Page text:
As children of the Late President of the Republic of Liberia, Dr. Samuel Kanyon Doe, we are proud to announce the creation of The Samuel Kanyon Doe Foundation! Through his loving memory and legacy, we his children developed this foundation.  Our father was a great visionary who achieved so much in his short life.  As a father he was loving, kind, humble and extremely loved by many.  As a man his humble beginnings defined who he was as a person and provided him with much humility and gratitude.  Above all, we as his children thoroughly understand the great love and passion he had for country and its' people.  With this in our hearts and on our minds, the Samuel Kanyon Doe Foundation has been established.

Samuel Kanyon Doe's legacy will forever live on in his wife, children and grandchildren.

SKD’s LEGACY (In Brief)
At the tender age of 29 Samuel Kanyon Doe became the youngest president in the world at that time and the first native President of Liberia since her independence in 1847.
In 1989, our father received the Africa Man of the Year award for his great achievements.

Here are a few of SKD's achievements:
• Broke down ethnic, political, financial and social barriers in Liberia.
• Introduced the first multi party election system in Liberia's history.
•Increased the minimum wage of public sector employees at all level to $200 a month by the early 80s.
•Created affordable education by heavily subsidising local government schools; also, reduced tuition at most boarding institutions by nearly 75% by 1982.
•Historic educational achievement as literacy rate tripled
•Restructured the National Housing and Savings bank, earmarking $5 million for market women and the disadvantaged.
•Created an ambitious agricultural program aimed at reducing dependencies on external sources for Liberia's food supply and creation of the green revolution movement.
•The renovations of roads and highways. Extension of the Ganta  Saclepea-Tappita-Zwedru Highway that cost $56 million dollars
•Constructed Pan African Plaza/ the National Archives Center / National Radio Station / National Sports Stadium / Barracks for members of the National Police Force / Police Headquarters ect.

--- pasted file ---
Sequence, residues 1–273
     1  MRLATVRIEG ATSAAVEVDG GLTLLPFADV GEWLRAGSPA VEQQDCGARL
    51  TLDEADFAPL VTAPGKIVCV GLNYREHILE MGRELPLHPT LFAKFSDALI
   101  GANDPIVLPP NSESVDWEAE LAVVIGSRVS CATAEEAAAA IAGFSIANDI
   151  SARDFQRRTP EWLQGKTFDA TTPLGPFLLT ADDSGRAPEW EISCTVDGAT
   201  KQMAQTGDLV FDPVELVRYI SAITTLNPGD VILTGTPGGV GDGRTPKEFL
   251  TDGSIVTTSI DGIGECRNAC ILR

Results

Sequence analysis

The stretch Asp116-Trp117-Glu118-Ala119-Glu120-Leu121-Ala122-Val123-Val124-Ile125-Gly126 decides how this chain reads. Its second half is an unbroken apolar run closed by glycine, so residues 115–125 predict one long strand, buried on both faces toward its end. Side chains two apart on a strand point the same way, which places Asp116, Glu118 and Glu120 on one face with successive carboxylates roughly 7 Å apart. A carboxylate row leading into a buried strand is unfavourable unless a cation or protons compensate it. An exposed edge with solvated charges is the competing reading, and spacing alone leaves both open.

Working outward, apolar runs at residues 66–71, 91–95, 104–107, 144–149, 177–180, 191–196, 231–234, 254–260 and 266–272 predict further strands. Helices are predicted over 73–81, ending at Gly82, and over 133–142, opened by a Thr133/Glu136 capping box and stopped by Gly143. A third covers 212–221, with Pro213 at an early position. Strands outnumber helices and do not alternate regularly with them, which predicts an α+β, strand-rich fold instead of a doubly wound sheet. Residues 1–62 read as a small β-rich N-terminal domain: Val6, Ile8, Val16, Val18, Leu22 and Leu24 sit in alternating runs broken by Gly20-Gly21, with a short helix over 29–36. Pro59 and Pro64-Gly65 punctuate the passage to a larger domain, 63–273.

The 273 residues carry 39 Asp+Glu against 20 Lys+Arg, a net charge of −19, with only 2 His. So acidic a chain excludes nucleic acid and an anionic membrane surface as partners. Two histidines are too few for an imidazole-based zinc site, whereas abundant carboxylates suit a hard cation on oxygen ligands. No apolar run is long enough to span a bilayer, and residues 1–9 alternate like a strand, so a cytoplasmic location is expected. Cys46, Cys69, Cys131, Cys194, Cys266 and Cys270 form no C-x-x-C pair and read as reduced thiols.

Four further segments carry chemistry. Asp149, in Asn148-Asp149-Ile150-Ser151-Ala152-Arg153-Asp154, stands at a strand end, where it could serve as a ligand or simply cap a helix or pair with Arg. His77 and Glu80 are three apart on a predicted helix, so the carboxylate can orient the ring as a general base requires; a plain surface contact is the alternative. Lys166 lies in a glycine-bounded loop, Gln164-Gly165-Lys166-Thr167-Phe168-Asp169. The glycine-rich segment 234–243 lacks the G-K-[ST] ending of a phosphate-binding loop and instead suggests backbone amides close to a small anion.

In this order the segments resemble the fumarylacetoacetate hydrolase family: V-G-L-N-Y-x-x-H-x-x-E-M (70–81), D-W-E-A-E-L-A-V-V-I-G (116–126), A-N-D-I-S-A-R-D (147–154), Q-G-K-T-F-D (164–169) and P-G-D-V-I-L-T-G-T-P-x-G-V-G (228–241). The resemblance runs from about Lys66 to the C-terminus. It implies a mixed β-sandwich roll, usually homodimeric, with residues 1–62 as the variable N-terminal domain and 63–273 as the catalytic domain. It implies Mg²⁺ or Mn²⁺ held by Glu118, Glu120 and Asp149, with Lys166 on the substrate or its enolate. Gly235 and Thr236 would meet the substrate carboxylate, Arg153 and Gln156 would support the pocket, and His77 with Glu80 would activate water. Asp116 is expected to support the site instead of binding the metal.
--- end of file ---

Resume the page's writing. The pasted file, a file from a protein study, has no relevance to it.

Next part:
•Liberian Rural Communications networks headquarters/ Gbarnga Power Station in Bong County

SKD’s BIOGRAPHY (in brief)
Samuel Kanyon Doe was born 6th May 1950 in Tuzon, Grand Gedeh County, Liberia.  Like over 95 percent of his compatriots, Samuel Kanyon Doe was of native, tribal descent and grew up in challenging living conditions. 
At the age of 13, he finally began his education and walked 13 miles to school. Samuel excelled in his studies and skipped several grades before reaching high school. 
To further his education, he moved to Monrovia joined the army where he rose through the ranks whilst completing high school at night.  In January 1979, then a sergeant in the Liberian army, Samuel went through a vigorous training that included, leadership communication, intelligence, basic and advanced unit courses, combat and advanced individual (infantry training). 
He also benefited from military training courses organised under the auspices of the U. S. Special Forces.  As a result of his training and diligence to duty, Private Doe was promoted to the rank of First Sergeant, with the AFL Arsenal.  On October 11, 1979, he was promoted Master Sergeant, further strengthening his responsibility as adjutant of the Third Battalion.
On 12th April 1980, an unknown Master Sergeant led 16 men at arms, seized the presidential palace in Monrovia in a courageous revolution, after a century of social and political exclusion of the indigenous population in Liberia.  Unfortunately President Tolbert was killed and 13 senior Ministers were later executed.  Before the April 12 1980 revolution, scores of educated natives were held in prison awaiting death and at least 70 people were killed in the rice riots.

Americo-Liberian rule (1847 - 1990)
The settlers constituted less than five percent of Liberia's population.  In 1878 the Americo-Liberians organised their political power in the True Whig Party, which permitted no organised political opposition.   
New Dawn (1980 -1990)